Thursday, July 23, 2009

No pillar of salt, I

As is the case many a day this summer, I am sitting at my mother's dining room table which I have sort of commandeered for my little "office," from which I organize my life, pay bills, make grand plans, figure out stuff, apply for jobs, seek new opportunities, and just generally plot the next big move ... and it is also where I write!

Writing has taken on many forms this summer, but among other things I have been cruising along on the old familiar Cuba project as well as toying with some other ideas. The main things I have "learned" by having this little stay-at-mom's-for-two-months-while-traveling-and-writing interlude are 1)yes, I would be content to live the solitary life of a writer working from home, provided there are plenty of chances to go to happy hours sprinkled in there and 2)it takes an extraordinary amount of discipline and organization to work from home; I daresay it can be even more work than working from work.

Now, especially about the latter, this is not a request for condescending I-told-you-so comments about how the full-time writing grass is always greener, and it is particularly not an invitation for comments about writing a book or working from home from those who have also never done it before. Just getting that out of the way. Discussing it, however, I find endlessly fascinating. Working with only self-imposed structure is terribly interesting. It's almost like a chemistry experiment, and you see what has a tendency to float to the top of your mental test tube. And by the way, this grass IS greener. Way greener than law school, or Borders, to name a few.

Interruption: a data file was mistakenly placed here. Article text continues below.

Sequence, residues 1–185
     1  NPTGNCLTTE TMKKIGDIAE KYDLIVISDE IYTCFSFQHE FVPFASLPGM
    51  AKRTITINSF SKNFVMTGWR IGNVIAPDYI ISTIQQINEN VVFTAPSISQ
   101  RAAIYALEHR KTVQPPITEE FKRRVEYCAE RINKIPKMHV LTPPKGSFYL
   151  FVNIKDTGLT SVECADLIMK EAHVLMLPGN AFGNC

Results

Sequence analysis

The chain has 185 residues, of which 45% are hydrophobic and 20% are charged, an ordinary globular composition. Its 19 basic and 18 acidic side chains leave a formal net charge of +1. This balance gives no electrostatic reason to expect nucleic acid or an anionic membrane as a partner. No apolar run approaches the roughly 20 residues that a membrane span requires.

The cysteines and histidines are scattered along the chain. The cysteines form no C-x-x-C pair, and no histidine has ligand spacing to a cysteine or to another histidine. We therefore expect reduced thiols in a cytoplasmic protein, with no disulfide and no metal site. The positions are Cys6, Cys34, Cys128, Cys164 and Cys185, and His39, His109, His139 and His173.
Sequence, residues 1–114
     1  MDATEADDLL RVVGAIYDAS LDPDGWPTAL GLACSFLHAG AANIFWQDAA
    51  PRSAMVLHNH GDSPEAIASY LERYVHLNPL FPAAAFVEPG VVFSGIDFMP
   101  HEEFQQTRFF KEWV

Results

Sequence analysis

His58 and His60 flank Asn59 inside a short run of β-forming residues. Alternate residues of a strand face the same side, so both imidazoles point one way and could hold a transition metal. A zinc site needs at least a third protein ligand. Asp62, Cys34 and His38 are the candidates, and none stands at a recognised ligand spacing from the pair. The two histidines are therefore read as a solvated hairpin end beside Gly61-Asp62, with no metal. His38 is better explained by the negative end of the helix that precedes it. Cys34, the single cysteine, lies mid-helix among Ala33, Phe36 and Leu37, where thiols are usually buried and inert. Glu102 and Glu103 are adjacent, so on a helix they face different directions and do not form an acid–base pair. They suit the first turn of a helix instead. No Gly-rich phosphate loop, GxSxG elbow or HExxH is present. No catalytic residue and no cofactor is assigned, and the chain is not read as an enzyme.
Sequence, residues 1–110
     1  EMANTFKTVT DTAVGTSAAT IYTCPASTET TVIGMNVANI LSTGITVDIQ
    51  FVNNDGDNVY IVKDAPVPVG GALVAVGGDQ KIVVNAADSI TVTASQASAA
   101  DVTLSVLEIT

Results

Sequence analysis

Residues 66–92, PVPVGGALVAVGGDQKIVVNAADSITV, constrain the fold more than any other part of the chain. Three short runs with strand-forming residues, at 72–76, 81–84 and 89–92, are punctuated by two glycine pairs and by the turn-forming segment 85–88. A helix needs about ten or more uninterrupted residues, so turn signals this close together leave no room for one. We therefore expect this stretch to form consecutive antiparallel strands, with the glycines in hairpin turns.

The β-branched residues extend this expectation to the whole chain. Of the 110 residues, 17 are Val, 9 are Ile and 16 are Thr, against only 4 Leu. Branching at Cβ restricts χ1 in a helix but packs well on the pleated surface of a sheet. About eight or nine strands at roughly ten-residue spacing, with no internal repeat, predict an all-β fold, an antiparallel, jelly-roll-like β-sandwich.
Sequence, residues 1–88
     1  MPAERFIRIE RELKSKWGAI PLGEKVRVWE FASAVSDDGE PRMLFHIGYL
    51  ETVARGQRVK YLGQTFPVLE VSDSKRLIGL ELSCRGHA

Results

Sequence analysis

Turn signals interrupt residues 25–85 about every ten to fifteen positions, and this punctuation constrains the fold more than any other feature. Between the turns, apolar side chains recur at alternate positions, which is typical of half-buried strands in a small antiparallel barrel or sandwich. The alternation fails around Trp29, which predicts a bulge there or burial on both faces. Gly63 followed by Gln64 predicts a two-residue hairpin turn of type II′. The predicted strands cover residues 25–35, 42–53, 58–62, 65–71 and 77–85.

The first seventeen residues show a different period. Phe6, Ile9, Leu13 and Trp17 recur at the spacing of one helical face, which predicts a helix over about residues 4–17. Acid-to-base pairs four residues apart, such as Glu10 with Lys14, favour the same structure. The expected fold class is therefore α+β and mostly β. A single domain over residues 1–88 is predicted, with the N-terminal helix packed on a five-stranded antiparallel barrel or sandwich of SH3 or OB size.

Through the miracle of Facebook I have been privileged to read at least a dozen updates a day from former classmates who are bursting with the stress of their impending doom bar exam next week and I daily marvel at how far away that world seems. I was trying to think of other experiences that are like that. When I came back from Korea, I was totally aware of not being in Korea. For months. I was nodding and bowing and trying to hand my money to the 7-11 clerk with both hands, and it took a while to get used to the U.S. of A. again. Other travels and experiences have lingered in various ways. Sometimes even a concert or book remains mentally present. But law school? It is just ... GONE. I seriously don't think about it until I read the next Facebook status update about someone's bar review stress. It's bizarre.

Meanwhile, I still pepper my conversation with various legal concepts, think about things I learned, despise Long Island, and have my email open all the time on my computer screen, including my email. But I have so mentally moved on from the awfulness that I guess I can offer that as some kind of hope to those who are still in the thick of it: it is TOTALLY possible to move on and not look back. At least for now. I will let you know if this remains true when the student loan grace period ends.

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